Violinist, researcher and consultant Berenice Beverley Zammit explains how physical exercise and simulation of the live concert environment can help string players and other musicians perform more efficiently under pressure
I have always loved sport. But I was always told to stay away from activities that involve using my hands. ‘Choose whichever sport you like as long as it’s just your legs you need to use. You can’t afford to injure your wrist or break a finger or get tennis elbow, can you?’ my violin teacher said. And I agreed, taking a certain pride in having to refuse to play some of the sports I loved best. After all, I was to become a violinist and I couldn’t afford to get injured. And wasn’t one meant to suffer for one’s art?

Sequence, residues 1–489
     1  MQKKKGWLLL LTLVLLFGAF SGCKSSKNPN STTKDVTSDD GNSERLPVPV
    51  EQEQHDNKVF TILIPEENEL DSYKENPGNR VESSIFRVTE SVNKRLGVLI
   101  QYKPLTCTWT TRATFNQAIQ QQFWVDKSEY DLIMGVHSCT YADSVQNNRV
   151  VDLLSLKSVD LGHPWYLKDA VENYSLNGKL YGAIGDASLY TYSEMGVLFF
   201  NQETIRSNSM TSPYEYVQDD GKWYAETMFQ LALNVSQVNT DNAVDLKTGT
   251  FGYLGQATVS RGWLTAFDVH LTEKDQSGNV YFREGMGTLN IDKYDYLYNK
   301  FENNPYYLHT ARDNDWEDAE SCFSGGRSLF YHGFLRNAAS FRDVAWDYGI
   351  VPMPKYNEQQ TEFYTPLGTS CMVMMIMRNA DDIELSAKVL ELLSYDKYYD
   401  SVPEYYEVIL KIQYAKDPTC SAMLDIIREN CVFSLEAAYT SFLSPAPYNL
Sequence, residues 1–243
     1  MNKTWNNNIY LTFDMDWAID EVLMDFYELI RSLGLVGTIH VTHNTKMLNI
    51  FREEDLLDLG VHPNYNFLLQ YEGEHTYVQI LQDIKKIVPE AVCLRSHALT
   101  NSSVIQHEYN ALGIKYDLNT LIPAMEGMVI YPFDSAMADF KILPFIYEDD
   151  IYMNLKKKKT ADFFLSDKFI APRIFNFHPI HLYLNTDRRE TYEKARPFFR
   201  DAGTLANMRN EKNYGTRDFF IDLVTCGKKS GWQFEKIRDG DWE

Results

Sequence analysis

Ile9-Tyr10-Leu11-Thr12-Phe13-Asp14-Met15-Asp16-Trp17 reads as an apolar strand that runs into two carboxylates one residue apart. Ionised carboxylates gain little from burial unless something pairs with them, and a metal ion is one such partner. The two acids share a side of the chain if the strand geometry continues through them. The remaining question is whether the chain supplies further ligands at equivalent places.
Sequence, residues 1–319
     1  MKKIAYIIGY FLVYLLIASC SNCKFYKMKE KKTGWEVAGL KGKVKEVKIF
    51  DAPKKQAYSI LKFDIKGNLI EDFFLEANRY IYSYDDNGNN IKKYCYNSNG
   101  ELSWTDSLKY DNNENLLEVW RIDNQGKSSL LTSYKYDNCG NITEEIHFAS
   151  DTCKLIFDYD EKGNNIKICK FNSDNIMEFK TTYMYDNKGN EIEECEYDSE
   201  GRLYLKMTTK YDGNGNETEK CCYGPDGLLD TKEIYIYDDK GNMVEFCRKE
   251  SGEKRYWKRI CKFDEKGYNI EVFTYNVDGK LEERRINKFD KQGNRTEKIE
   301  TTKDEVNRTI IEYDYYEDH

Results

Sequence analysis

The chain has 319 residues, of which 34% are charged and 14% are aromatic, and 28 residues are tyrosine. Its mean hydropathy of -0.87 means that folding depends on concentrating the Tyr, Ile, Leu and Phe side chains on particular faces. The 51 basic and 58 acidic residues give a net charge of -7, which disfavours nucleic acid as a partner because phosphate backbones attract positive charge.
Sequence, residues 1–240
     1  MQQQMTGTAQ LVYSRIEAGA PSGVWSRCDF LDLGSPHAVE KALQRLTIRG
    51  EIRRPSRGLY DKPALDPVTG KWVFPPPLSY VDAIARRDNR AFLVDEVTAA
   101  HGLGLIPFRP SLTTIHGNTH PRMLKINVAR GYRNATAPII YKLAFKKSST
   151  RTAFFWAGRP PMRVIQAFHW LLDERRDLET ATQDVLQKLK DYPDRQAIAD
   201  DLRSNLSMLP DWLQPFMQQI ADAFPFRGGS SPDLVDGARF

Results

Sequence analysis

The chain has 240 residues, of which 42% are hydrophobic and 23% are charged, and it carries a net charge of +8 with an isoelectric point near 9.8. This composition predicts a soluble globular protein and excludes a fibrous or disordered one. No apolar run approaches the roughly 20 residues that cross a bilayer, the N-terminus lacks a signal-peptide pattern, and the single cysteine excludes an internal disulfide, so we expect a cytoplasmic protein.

But some 30 years ago, sport and physical fitness were not given the importance they are assigned today. Unless you were a professional sportsperson, exercise was considered an activity you engaged in only if you had time to spare. And if you were a musician, it was a truth universally acknowledged that any performer who engaged in physical exercise was a rare breed indeed. After all, one did not need to be physically fit to perform…
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